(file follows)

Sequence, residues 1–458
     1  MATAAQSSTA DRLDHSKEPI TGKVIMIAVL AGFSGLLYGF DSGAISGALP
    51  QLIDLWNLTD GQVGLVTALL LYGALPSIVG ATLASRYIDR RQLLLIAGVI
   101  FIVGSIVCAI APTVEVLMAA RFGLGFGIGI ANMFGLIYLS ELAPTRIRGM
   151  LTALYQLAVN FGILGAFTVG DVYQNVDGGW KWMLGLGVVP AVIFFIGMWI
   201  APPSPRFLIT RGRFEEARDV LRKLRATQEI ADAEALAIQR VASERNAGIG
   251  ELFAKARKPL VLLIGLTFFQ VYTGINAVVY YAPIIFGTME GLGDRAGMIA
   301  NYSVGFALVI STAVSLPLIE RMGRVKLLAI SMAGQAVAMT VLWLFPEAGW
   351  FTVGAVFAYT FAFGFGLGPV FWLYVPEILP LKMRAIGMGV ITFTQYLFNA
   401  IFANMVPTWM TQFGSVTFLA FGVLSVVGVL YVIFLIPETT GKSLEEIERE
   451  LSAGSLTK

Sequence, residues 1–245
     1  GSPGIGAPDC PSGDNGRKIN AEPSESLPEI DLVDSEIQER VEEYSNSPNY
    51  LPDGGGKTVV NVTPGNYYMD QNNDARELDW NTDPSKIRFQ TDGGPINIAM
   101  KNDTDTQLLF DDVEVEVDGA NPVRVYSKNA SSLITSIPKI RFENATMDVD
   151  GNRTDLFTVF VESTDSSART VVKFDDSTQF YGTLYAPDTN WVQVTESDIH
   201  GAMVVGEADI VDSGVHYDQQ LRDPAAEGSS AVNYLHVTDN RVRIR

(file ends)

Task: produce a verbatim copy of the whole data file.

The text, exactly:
Sequence, residues 1–458
     1  MATAAQSSTA DRLDHSKEPI TGKVIMIAVL AGFSGLLYGF DSGAISGALP
    51  QLIDLWNLTD GQVGLVTALL LYGALPSIVG ATLASRYIDR RQLLLIAGVI
   101  FIVGSIVCAI APTVEVLMAA RFGLGFGIGI ANMFGLIYLS ELAPTRIRGM
   151  LTALYQLAVN FGILGAFTVG DVYQNVDGGW KWMLGLGVVP AVIFFIGMWI
   201  APPSPRFLIT RGRFEEARDV LRKLRATQEI ADAEALAIQR VASERNAGIG
   251  ELFAKARKPL VLLIGLTFFQ VYTGINAVVY YAPIIFGTME GLGDRAGMIA
   301  NYSVGFALVI STAVSLPLIE RMGRVKLLAI SMAGQAVAMT VLWLFPEAGW
   351  FTVGAVFAYT FAFGFGLGPV FWLYVPEILP LKMRAIGMGV ITFTQYLFNA
   401  IFANMVPTWM TQFGSVTFLA FGVLSVVGVL YVIFLIPETT GKSLEEIERE
   451  LSAGSLTK

Sequence, residues 1–245
     1  GSPGIGAPDC PSGDNGRKIN AEPSESLPEI DLVDSEIQER VEEYSNSPNY
    51  LPDGGGKTVV NVTPGNYYMD QNNDARELDW NTDPSKIRFQ TDGGPINIAM
   101  KNDTDTQLLF DDVEVEVDGA NPVRVYSKNA SSLITSIPKI RFENATMDVD
   151  GNRTDLFTVF VESTDSSART VVKFDDSTQF YGTLYAPDTN WVQVTESDIH
   201  GAMVVGEADI VDSGVHYDQQ LRDPAAEGSS AVNYLHVTDN RVRIR